Wednesday, April 4, 2007

Who has the loyalty problem?

There are an endless number of bizbooks on how to recognize, reward, retain and otherwise gain the loyalty of employees, but the bottom line is that companies earn the loyalty of their employees by being loyal to their employees. That's simple enough and shouldn't require undue amounts of pizza.

Of course, then there are companies, like Circuit City, that don't deserve anyone's loyalty. This is a business that just fired 8 percent of its workforce, announcing:

"The company has completed a wage management initiative that will result in the separation of approximately 3,400 store Associates. The separations, which are occurring today, focused on Associates who were paid well above the market-based salary range for their role. New Associates will be hired for these positions and compensated at the current market range for the job."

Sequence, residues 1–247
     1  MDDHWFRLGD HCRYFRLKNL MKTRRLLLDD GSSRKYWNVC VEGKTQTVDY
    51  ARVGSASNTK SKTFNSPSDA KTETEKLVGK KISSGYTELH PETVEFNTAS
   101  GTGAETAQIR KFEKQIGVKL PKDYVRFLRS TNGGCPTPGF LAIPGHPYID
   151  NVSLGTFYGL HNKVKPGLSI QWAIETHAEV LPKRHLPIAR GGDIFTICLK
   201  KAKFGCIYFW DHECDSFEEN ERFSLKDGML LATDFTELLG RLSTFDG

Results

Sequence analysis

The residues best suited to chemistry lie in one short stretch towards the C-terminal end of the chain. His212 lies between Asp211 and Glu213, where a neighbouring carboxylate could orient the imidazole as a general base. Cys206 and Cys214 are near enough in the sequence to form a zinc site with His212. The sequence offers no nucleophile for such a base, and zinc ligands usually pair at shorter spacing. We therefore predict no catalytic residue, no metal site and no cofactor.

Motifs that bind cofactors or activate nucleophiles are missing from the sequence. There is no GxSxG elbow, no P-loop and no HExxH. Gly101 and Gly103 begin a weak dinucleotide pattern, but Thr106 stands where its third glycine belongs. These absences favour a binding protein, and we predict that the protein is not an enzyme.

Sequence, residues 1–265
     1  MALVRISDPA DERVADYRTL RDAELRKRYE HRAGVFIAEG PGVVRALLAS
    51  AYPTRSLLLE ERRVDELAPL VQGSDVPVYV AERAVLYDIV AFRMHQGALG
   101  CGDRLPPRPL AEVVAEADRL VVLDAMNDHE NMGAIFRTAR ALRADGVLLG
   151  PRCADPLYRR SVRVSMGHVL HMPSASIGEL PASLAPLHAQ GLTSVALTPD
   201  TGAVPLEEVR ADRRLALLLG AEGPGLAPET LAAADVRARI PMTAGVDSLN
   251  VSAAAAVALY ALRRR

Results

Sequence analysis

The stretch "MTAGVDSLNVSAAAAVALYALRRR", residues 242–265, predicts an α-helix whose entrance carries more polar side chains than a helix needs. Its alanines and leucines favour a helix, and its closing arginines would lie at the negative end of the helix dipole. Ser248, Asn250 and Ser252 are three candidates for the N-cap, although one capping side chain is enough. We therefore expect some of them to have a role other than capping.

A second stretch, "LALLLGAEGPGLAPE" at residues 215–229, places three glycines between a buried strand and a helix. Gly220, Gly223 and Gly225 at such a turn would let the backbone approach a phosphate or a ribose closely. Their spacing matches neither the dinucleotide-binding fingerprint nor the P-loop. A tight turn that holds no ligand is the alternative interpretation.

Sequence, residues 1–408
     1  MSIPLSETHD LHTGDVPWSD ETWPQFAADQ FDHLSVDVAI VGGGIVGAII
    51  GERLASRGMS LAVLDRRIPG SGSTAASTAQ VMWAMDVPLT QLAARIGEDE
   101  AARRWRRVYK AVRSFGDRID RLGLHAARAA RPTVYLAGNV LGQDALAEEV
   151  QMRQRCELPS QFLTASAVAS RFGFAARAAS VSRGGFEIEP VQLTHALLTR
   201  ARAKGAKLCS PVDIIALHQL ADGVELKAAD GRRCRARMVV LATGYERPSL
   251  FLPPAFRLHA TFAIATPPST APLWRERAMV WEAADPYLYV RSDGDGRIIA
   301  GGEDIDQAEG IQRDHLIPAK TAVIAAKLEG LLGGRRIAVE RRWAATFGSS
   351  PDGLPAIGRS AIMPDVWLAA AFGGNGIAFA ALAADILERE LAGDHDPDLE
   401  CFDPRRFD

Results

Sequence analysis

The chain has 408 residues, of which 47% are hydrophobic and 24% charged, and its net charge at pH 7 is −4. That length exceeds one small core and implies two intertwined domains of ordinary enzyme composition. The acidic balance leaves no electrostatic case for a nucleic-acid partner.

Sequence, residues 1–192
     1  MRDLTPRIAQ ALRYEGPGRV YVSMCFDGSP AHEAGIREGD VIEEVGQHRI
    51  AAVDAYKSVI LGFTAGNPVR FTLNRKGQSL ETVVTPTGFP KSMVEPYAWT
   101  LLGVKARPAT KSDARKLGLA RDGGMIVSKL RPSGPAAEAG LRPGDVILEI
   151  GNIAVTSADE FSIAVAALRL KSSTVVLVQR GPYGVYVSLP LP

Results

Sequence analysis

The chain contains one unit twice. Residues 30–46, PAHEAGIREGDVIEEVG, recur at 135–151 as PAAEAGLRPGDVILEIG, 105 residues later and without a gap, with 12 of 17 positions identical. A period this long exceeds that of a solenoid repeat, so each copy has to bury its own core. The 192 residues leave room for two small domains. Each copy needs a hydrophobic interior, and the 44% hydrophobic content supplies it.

In other words, these are loyal employees who have stayed with the company long enough to earn a few bucks an hour more than the norm. Circuit City figures that experienced employees are no more productive than inexperienced employees, so why pay more? In a gesture of largesse, the company is allowing the fired employees to reapply for their jobs -- after 10 weeks and at starting pay rates.

An article in NYT says that Wal-Mart is thinking along the same lines. (There's a surprise.) Now, I'm not saying that Circuit City or Wal-Mart shouldn't have the right to treat their employees like disposable raw goods. I'm just saying that nobody in their right mind would want to work for companies that offer no future or patronize their stores or ultimately, invest in them.

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